Age-related blood cell mutations protect against Alzheimer’s disease

Stem-ing the tide of Alzheimer’s.

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Blood-producing cells tend to damage their DNA as we age. These mutations are mainly safe but may also cause damage to 30% of old-age people. They increase the risk of blood cancer and dying early from a heart attack or stroke.

According to Siddhartha Jaiswal, M.D., Ph.D., these age-related mutations might also play a role in Alzheimer’s disease. But when he and his colleagues looked at the DNA of those who had the condition and those who didn’t, they discovered something unexpected. Alzheimer’s disease appeared to resist the same cellular changes harmful to blood diseases.

The result was so surprising that scientists didn’t believe it at first. Having these mutations lowers the risk of Alzheimer’s.

Scientists also found the way these mutations bolster the brain. The results offer new insights on how to slow the progression of dementia.

Stem cells continuously produce blood cells in our body. This process, called hematopoiesis, occurs in bone marrow, where stem cells divide and differentiate, passing on their DNA and their mutations to the blood cells.

Scientists learned that a specific set of genes in stem cells are affected by age-related mutations. Because of this, a limited number of stem cells participate in hematopoiesis more actively and contribute a higher proportion of blood cells than they otherwise would. This condition is known as Clonal hematopoiesis of undetermined potential, or CHIP for short.

To determine the role of CHIP in Alzheimer’s disease, scientists examined subjects recruited for heart studies, including about two hundred people who went on to have Alzheimer’s. They discovered that those with CHIP mutations had a 30 to 40% lower risk of neurological disorders than those without them. Jaiswal then looked into a group in a different study that included more than a thousand Alzheimer’s patients to confirm this discovery. Once more, people with CHIP had a third lower risk of getting Alzheimer’s than those without.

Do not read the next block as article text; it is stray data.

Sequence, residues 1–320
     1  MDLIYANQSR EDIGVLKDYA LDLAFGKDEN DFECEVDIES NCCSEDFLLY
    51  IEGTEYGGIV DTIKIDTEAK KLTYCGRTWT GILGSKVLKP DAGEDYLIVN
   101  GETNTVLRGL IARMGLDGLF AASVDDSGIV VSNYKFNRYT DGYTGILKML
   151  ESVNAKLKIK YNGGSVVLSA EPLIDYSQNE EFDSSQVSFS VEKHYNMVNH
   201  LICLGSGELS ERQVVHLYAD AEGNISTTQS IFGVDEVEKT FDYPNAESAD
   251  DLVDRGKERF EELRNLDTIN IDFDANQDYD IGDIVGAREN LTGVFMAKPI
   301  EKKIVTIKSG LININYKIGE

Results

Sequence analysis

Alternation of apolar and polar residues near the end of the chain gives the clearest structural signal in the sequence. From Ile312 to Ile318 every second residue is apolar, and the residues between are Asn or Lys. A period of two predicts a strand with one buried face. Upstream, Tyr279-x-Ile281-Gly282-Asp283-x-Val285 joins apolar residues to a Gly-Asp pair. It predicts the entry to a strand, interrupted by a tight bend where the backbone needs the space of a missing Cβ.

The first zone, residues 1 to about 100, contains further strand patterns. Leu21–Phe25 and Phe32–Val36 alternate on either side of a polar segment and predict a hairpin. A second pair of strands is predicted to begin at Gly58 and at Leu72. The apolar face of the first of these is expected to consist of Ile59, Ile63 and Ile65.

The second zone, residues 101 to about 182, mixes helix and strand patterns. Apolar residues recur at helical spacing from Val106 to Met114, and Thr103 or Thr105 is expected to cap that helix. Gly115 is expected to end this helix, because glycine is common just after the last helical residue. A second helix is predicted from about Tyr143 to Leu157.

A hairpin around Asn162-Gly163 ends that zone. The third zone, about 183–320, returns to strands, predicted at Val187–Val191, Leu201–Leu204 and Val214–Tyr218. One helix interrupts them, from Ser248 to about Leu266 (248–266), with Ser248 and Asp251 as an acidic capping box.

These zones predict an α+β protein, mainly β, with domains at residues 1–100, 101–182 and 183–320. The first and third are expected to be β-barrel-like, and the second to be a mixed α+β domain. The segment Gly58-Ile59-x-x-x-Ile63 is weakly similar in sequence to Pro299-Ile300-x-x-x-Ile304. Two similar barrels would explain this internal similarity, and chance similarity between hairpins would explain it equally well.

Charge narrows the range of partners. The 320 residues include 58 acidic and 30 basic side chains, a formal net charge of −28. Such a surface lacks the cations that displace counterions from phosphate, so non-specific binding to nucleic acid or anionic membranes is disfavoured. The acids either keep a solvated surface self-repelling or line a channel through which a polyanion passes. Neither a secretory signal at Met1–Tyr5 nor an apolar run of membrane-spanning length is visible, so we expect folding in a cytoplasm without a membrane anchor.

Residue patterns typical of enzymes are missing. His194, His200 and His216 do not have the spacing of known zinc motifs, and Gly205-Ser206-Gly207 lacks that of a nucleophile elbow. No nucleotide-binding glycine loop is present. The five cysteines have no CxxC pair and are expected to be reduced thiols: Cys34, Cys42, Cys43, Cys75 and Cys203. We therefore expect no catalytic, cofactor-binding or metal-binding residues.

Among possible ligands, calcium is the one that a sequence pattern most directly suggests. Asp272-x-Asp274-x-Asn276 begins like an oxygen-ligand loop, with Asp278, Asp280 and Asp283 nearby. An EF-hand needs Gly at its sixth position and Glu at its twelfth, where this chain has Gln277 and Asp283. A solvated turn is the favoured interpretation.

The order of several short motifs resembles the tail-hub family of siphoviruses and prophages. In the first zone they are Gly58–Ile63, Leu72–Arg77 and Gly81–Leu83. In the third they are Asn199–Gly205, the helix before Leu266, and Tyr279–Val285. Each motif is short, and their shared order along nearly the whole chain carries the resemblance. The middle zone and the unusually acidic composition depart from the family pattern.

Lead author Hind Bezoud, Ph.D., a former postdoctoral research fellow at Stanford Medicine, said, “Once the statistics showed a clear result, we wanted to look in the brains of people with CHIP to find clues about exactly what was going on.”

Scientists determined if CHIP-bearing blood cells are present in the brain. To do so, they collected postmortem brain tissue from several donors known to have CHIP and some donors without CHIP. After dissolving tissue samples, the scientists were left with only free-floating nuclei that contained DNA. This genetic material’s sequencing uncovered CHIP mutations inside blood cell-specific nuclei.

Afterward, scientists set out to identify which of the several blood cell types their CHIP mutations were found in. Scientists typically profile a cell’s RNA to determine its type of cell by looking at which genes are turned on and off. However, the flash-freezing procedure to preserve the tissue destroyed the RNA in the brain tissue samples.

Julia Belk, Ph.D., a Stanford postdoctoral researcher from the lab of Howard Chang, said“We had to get creative and use a technical trick, as well as a lot of sophisticated computational analysis.”

Using a new technique, scientists examined modifications made to the DNA that reveal which genes are switched on and off. Through this, they could sort out different blood cells and narrow the CHIP mutations to one particular type: microglia, the white blood cells that serve as the brain’s immune system.

Another surprising fact: scientists found microglia derived from bone marrow stem cells with mutations related to old age. According to conventional opinion, our brains develop all of their microglia while in the womb through a process unrelated to adult hematopoiesis. However the team discovered that a staggering 30 to 90% of all brain microglia originated from bone marrow progenitors.

Journal Reference:

  1. Bouzid, H., Belk, J.A., Jan, M. et al. Clonal hematopoiesis is associated with protection from Alzheimer’s disease. Nat Med 29, 1662–1670 (2023). DOI: 10.1038/s41591-023-02397-2
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